The interesting story of a local sporting star, Savarna Yang
May 6, 2022
Ideals Are Like Stars by Angela Walker is the inspiring true story of Yvette Williams, the first New Zealand woman to ever win a gold medal at the Olympics. Born in 1929 in Dunedin, Yvette was the daughter of a cabinetmaker and a champion highland dancer. From a very early age she loved sport but it wasn’t until her teen years that she began to seriously play herself.
A student at Otago Girls’ High School, she participated in every sport the school had on offer – whether it was netball, basketball or tennis, you’d be sure to find Yvette there. However, she didn’t discover athletics until she was seventeen, when she went along to a local sports gathering just for fun. There, she won both the 100 yards sprint and the high jump against seasoned competitors, who I’m sure were certainly not expecting the new girl to come and beat them outright.
Yvette realised that she’d found something she wanted to pursue. She practiced hard and in just her first year of athletics she broke the national shot put record. In her second year she represented Otago at the National Championships – where she won the broad jump. Yvette had begun her journey towards the Olympic Games.
One of the reasons I chose Ideals Are Like Stars was knowing that Yvette grew up in Dunedin. Living in Dunedin myself, I was interested to find out how different life would have been in the 1940s. Quite a bit as it turns out, but there were also some similarities. While women athletes then were considered fragile and delicate (one newspaper wrote an article slamming the Olympic uniform as it wasn’t ‘feminine’ enough), and a relatively new idea, Dunedin city itself didn’t seem as different as you might expect.
In fact, I recognised a lot of place names and even noticed some familiar looking buildings in the photos that are included… And speaking of the photos, I loved the addition of these! They made the story so much more interesting and enabled me to really visualise Walker’s descriptions. I only wish there were more. Sometimes Walker mentions a specific photo that does not appear in the picture gallery and this is a bit annoying.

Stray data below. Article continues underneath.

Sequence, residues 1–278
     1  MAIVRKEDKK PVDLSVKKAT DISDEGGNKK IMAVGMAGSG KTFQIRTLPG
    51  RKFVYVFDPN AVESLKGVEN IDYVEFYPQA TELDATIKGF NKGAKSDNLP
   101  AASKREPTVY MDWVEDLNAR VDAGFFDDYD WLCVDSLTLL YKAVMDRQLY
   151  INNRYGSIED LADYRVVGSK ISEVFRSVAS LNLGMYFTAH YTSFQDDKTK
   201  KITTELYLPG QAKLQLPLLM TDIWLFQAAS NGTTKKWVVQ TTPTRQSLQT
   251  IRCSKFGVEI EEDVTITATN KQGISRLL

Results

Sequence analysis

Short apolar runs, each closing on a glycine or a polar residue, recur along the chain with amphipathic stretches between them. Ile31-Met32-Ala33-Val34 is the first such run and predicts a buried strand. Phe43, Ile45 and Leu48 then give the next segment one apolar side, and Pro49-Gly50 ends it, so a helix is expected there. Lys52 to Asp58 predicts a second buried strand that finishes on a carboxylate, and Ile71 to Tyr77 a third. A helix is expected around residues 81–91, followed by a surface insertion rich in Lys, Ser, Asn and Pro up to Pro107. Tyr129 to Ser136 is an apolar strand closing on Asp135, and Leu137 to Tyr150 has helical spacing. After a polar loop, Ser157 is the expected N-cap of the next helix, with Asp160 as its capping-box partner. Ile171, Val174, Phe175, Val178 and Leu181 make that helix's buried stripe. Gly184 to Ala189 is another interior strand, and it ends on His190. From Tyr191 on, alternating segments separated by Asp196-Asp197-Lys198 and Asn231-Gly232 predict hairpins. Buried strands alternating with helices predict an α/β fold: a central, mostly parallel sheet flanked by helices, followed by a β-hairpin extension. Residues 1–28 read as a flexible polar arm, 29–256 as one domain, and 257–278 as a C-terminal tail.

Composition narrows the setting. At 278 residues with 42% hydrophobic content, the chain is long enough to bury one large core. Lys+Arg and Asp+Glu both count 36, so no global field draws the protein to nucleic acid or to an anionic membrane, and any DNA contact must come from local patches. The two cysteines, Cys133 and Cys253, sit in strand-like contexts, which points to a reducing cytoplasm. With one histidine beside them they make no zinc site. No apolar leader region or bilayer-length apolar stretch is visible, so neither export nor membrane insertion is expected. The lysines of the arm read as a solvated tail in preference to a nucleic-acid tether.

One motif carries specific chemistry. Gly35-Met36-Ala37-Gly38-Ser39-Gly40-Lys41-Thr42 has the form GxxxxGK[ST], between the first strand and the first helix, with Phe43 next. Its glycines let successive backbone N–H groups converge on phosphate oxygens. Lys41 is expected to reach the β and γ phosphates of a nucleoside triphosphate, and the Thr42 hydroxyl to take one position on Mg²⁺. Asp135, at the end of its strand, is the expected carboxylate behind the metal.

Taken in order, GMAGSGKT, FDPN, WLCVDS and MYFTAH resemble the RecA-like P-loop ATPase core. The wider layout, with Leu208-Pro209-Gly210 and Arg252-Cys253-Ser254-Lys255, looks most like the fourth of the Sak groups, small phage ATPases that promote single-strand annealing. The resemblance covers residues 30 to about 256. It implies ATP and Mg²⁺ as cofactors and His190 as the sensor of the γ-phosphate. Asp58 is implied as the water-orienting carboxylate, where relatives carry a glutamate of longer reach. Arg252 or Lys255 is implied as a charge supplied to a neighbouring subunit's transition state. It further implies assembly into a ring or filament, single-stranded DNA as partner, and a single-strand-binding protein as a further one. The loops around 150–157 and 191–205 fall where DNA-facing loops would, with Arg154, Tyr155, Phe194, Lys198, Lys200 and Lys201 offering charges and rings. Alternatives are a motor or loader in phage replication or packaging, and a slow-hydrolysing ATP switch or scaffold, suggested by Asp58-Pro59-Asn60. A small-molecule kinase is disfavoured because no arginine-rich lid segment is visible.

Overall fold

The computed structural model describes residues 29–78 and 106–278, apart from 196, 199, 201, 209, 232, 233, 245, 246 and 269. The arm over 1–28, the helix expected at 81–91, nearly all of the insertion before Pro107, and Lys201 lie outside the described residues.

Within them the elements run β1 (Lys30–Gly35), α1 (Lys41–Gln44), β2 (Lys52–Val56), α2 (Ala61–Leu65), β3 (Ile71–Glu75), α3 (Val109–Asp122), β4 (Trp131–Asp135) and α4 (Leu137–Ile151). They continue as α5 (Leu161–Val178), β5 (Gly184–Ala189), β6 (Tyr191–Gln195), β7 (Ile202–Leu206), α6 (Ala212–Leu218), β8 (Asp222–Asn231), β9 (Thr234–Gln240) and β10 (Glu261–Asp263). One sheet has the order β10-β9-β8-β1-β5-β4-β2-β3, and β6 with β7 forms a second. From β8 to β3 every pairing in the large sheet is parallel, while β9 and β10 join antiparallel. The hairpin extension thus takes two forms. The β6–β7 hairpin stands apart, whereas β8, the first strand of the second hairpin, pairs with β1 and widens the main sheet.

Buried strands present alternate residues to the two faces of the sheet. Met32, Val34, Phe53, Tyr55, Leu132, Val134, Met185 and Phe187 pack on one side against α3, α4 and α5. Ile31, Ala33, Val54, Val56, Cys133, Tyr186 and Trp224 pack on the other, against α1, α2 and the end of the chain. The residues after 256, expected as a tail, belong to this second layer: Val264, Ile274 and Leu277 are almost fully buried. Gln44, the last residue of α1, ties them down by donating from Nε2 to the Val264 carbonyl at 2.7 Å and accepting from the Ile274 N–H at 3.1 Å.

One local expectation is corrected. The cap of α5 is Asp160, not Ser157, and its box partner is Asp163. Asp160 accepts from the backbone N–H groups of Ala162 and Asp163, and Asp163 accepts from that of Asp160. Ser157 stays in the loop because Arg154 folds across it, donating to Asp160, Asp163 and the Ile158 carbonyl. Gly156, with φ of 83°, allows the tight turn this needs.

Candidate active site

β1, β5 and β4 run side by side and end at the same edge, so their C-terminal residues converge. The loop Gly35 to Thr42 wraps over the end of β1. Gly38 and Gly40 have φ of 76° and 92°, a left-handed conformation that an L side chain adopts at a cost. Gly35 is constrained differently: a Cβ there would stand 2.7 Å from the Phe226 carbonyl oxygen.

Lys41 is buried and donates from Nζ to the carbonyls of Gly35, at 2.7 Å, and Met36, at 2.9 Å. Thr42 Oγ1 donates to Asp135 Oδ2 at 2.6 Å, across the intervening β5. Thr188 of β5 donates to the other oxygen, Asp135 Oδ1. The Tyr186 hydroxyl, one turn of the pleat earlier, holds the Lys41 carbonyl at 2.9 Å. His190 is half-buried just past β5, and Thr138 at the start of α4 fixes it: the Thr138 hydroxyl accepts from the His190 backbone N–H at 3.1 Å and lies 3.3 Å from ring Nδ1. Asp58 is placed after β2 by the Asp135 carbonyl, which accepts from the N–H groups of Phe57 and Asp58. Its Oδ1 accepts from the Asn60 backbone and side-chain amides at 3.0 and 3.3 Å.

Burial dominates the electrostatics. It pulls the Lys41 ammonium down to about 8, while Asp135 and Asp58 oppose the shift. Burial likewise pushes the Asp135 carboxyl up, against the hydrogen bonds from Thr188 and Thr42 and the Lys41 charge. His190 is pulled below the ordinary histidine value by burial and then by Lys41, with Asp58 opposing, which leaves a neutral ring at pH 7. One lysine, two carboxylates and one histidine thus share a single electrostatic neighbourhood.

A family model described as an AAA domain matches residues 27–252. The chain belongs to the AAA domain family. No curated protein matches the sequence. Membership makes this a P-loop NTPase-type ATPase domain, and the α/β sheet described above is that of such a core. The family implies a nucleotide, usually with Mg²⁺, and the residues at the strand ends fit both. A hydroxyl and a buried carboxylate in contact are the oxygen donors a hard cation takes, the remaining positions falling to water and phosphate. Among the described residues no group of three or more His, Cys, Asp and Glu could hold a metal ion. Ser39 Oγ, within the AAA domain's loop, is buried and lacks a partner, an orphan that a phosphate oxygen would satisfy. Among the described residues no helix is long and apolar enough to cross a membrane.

Walker obviously knows what she’s talking about when it comes to athletics. She explains the various techniques and training exercises very competently and clearly. I was able to understand everything, which was great, as before I read Ideals Are Like Stars I didn’t even know the difference between the shot put and the discus!
However, in places the writing is slightly stilted. Some parts feel like the story is being told like a novel but then suddenly you find yourself being overloaded with facts that don’t always seem necessary and stop the flow of the story. I think the plot could have kept to the main points more.
But overall, Ideals Are Like Stars is a very interesting and well-researched biography that anyone interested in sport or history would enjoy. From a little girl who enjoyed challenging herself to jump over her grandpa’s flowerbeds, and wrestling with her younger brother, to a world sporting champion and celebrity, Ideals Are Like Stars tells us Yvette Williams’ story.
– Savarna is 13 and lives in rural Dunedin.